Ways in which the past conceives the future, or, how to stage time travel
Originally commissioned by Jean Dalsace, a gynecholosit, and his wife, Annie, to the French designer Pierre Chareau, the Maison de Verre (Glass House) was constructed between 1927-1932 in Paris, and represents a modernist live- and workspace par excellence. Pierre Chareau, who was not a liscensed architect at the time, created a design team including the Dutch architect Bernard Bijvoet and the metalworker Louis Dalbet. Home to the Dalsace’s family, the Maison de Verre also housed the doctor’s gynecology clinic. It is not only the playful architectural approach to the private areas and public spaces within a home that makes it interesting. It is also the introduction of industrial design and materials—from the factory, as well as airplanes and ships—into a domestic space.
Last week, some colleagues and I went on a private guided-visit to the Maison de Verre led by an architectural historian. What follows is a brief account on the visit, which helped me travel in time to a Paris of the 1920s, with Francis Picabia and Erik Satie taking me by the hand.
As we pass the street entrance of 31, rue Saint-Guillaume and enter the interior courtyard of this once hôtel particulier and now landmark home, the industrial theatre play of its creator, Pierre Chareau, begins. I say “industrial” because of the designer’s palpable fascination with engineering materials of the time; “theatre” because the home stages a Taylorist-specific relation to site and labor; and “play” because it is in experiencing the nuances where joy permeates. I use these terms because the Maison de Verre presents itself to be at times both severe and distant, and at other moments both intimate and playful.
I remember seeing many things there, and as if it were played back as a moving image in my mind, scenes begin revolving as the Maison de Verre’s glass and metal doors, trickling in, one after another, as the light does in that space. Then, a voix off prompts.
Outside, a rail of stage lights for washing the glass in light and blinding others from the intimacy of home. She points the new ones in the front courtyard, and the original ones in the backyard. I think the front ones are shy; the original just right. In the ground floor, a doorknob for bowing down in a gentle manner. She tells us it choreographs a dance between doctor and patient, a detail that reveals the closeness between Jean Dalsace and Pierre Chareau, a client relationship that is remarkable. Upstairs, a blue room for Annie Dalsace, with a hidden door for tea and a tucked-in stairwell to bed. She tells us it’s a boudoir, and gives a context of its architectural history and the hidden secrets of garden follies. There is a nautical reference in the boudoir’s stairwell, and some aviation materials in the circular biombo of the clinic downstairs.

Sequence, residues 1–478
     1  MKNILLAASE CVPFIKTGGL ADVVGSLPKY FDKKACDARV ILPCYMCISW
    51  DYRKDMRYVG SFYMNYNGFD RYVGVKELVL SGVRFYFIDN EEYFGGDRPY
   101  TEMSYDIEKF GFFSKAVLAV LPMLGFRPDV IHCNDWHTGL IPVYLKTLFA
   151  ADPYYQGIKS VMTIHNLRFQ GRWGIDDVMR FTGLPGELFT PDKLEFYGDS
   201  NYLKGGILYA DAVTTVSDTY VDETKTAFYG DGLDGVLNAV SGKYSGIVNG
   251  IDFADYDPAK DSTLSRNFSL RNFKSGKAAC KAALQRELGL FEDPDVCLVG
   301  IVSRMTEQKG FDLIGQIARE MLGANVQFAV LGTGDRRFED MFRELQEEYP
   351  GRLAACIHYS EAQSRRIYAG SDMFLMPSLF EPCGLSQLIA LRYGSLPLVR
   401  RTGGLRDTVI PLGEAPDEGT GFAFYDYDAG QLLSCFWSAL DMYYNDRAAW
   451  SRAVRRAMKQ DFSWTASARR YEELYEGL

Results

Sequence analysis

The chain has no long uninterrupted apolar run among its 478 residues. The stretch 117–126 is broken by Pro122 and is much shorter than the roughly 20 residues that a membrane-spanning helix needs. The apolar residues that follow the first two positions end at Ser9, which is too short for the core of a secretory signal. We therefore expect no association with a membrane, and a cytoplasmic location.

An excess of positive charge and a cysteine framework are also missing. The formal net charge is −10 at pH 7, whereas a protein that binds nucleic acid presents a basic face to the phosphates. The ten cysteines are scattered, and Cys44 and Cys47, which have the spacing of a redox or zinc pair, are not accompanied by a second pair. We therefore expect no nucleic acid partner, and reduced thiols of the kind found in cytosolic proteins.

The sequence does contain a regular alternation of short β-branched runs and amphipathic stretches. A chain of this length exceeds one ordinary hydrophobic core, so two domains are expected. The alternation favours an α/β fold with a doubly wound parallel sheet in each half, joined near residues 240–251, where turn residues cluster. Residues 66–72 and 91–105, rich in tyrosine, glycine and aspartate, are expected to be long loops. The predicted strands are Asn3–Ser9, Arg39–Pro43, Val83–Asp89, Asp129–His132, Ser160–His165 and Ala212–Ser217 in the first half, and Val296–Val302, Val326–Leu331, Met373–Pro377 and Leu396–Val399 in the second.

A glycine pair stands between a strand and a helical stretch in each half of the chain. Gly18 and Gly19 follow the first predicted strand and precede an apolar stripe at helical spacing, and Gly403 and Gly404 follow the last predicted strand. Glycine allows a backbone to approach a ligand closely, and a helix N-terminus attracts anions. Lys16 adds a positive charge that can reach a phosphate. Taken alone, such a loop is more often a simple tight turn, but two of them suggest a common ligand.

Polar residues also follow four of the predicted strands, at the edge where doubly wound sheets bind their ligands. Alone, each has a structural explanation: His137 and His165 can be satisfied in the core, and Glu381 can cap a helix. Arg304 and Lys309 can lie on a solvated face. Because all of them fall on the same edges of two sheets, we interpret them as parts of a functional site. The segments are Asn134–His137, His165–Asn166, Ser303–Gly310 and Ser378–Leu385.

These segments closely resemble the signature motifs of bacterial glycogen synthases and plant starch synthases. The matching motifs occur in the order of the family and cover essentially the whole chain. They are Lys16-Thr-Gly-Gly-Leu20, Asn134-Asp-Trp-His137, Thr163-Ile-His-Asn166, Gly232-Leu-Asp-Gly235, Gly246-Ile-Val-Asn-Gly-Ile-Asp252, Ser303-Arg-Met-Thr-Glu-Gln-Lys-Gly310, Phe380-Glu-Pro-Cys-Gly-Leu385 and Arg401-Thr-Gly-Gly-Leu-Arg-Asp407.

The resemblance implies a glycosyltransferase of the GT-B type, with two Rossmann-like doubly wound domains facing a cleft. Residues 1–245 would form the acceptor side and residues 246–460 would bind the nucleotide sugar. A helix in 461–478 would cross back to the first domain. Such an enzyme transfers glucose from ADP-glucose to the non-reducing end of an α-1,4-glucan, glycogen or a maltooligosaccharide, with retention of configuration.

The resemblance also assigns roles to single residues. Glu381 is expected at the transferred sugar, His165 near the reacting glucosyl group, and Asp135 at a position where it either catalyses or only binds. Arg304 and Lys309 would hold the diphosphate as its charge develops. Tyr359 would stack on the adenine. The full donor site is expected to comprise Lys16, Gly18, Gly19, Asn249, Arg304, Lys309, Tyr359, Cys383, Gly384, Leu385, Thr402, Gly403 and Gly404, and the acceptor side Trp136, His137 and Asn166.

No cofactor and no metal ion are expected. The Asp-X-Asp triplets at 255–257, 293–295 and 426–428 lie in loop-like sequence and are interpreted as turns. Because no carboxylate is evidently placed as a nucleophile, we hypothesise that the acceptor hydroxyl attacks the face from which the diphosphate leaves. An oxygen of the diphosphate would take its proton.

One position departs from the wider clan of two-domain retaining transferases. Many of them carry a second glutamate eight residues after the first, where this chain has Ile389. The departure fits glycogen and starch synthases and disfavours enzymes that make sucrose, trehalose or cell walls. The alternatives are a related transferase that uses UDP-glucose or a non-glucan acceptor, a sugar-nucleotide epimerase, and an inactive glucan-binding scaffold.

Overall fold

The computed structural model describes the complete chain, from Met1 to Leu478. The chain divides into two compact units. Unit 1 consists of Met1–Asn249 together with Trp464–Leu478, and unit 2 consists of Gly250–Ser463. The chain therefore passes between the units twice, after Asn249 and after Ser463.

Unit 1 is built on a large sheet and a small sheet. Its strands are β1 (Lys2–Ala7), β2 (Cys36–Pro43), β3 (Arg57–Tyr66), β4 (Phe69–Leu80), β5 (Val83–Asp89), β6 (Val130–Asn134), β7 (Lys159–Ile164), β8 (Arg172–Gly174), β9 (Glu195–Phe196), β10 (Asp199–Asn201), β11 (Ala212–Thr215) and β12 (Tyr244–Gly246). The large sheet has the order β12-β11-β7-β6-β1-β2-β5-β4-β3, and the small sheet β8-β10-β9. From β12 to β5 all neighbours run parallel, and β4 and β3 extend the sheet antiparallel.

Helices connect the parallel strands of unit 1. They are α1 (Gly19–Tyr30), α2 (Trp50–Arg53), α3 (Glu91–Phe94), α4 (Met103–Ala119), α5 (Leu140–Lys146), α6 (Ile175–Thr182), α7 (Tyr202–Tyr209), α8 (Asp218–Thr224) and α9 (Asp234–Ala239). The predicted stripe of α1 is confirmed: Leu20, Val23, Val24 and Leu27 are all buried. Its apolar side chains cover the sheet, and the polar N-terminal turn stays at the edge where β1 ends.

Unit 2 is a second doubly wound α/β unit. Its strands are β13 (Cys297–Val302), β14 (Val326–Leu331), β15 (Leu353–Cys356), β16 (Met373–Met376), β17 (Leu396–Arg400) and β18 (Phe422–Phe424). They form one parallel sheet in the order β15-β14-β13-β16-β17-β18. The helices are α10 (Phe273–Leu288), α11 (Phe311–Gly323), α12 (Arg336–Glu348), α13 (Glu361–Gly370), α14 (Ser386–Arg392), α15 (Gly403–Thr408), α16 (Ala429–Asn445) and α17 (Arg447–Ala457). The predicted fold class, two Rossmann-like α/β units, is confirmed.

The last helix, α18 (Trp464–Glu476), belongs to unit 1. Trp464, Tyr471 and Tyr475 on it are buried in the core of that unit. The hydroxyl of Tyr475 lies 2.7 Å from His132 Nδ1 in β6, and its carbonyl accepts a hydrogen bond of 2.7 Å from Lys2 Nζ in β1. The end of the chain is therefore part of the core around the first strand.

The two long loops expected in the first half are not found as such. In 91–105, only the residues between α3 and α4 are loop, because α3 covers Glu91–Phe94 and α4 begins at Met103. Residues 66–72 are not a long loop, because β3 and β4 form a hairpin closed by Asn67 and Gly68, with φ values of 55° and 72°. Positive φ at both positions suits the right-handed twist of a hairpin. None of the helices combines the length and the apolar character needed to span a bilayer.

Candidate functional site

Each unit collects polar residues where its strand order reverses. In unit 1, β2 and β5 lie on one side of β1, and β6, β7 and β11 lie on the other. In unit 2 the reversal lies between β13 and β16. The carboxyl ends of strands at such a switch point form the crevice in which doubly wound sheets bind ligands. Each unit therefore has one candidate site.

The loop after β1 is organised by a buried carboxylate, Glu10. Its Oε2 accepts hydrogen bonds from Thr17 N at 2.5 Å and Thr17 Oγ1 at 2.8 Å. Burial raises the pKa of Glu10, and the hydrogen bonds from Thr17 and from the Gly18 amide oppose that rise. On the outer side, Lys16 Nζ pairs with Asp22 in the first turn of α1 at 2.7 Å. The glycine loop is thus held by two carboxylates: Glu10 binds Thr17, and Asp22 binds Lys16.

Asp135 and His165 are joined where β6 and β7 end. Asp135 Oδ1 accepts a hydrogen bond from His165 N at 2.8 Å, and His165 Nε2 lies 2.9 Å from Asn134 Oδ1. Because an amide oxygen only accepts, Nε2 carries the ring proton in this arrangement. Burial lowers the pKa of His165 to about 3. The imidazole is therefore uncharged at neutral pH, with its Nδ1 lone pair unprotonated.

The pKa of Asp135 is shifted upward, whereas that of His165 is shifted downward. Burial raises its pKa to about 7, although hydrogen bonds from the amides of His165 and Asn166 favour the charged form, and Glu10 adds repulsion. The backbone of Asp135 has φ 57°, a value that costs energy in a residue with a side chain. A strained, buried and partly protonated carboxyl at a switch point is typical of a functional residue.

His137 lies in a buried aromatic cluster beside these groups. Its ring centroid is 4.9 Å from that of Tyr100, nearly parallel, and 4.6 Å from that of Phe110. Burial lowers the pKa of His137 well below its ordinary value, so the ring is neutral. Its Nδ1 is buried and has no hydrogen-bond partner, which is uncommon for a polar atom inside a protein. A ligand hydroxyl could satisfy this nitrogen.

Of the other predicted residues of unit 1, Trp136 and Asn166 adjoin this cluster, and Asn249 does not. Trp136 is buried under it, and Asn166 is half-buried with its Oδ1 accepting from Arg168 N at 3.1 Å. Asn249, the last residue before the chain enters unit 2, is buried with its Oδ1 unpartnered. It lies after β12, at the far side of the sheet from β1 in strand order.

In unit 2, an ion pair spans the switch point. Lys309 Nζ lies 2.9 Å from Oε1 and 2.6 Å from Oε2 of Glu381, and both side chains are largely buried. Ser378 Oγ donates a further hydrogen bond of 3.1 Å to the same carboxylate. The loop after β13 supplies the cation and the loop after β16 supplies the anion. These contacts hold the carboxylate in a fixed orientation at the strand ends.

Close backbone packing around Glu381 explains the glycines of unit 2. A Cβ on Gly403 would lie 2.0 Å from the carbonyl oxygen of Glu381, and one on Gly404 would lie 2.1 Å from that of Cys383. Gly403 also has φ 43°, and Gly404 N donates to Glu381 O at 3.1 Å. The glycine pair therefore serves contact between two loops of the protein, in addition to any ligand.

Rarely can one experience so well how the past conceived of the future. We are accustomed to imagining through pictures. Walking inside the house, however, and feeling the proportion and light and being of things triggers other sensibilities. It situates one in the many narratives that embody the building—the Dalsace family, the doctor’s patients, the house maids and clinic’s staff, and of course Chareau, Bijvoet and Dalbet, their metalworkers and construction team.
I think of other things, too.
The Maison de Verre’s façade reminds me of Francis Picabia’s landmark stage set-design for Relâche (1924), an avant-garde ballet created by the painter and his composer friend, Erik Satie. Electricity. Machines. Mechanization. Even revolving doors. These are some of the things that influenced Picabia and Satie in their creation of Relâche, and they certainly appear to be also grounding thoughts for conceiving the Dalsace’s home. I wonder if anyone else has written about this possible relationship. I begin missing my library in New York, and suddenly wish to be browsing the one at the Maison de Verre.
The home’s main book shelve occupies one entire wall of the living room-like salon, which is flanked by the glass wall of the main façade. I recall reading in a book by Mark Valley that this room in the Maison de Verre was designed, at Annie Dalscae’s request, to be “big enough to house small orchestras.” These were peak years for art and culture in the city of Paris, and the interdisciplinary work of musicians, poets and painters of that era is still influential today. I’ve heard stories that Maison de Verre hosted gatherings of artist and intellectuals of the time. I never know if these are myths or historical facts. Maybe it is the imaginings of these that make that room be most inspiring.
Today, the Maison de Verre is owned by the collectors Stéphane Samuel and Robert Rubin, who live between New York and Paris. A slide show of the interior spaces of Maison de Verre, with photography by Mark Lyon, accompanied an article by Nicolai Oursoussoff (August 26, 2007), and is available online in The New York Times.